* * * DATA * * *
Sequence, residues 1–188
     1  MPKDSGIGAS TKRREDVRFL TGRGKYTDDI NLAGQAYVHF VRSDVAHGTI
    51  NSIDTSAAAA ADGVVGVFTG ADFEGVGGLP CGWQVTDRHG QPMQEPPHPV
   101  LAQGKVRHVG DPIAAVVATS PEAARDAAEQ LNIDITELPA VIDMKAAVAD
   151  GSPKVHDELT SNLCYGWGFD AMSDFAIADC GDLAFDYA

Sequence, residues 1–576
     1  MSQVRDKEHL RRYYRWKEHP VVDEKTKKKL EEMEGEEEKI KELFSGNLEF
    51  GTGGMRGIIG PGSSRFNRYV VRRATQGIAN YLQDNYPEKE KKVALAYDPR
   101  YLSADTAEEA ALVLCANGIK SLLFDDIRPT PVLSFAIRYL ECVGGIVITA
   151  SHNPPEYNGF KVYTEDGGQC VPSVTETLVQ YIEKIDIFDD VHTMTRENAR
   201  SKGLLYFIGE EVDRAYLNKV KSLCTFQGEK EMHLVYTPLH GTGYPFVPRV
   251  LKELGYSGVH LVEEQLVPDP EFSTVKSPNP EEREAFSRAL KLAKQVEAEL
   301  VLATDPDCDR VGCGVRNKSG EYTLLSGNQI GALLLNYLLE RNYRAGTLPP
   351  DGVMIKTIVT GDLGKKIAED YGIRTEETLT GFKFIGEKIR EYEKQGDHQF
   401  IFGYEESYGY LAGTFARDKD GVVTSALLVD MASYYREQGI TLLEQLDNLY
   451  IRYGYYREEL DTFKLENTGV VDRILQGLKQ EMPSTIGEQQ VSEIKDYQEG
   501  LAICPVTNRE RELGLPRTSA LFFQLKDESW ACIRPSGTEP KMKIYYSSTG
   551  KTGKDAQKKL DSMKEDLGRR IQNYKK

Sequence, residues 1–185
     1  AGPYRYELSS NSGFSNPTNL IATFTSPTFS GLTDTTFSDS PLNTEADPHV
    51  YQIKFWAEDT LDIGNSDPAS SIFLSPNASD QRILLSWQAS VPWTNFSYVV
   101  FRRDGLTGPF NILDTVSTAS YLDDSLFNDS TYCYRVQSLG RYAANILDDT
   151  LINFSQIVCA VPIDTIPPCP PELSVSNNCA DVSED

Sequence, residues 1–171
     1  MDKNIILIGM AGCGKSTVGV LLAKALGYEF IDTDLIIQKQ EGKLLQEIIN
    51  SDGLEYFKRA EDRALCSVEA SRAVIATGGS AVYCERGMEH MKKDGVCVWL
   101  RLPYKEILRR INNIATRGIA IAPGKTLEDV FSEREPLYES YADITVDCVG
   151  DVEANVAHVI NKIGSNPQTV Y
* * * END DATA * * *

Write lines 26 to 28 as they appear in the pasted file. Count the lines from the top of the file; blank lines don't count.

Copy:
    51  SDGLEYFKRA EDRALCSVEA SRAVIATGGS AVYCERGMEH MKKDGVCVWL
   101  RLPYKEILRR INNIATRGIA IAPGKTLEDV FSEREPLYES YADITVDCVG
   151  DVEANVAHVI NKIGSNPQTV Y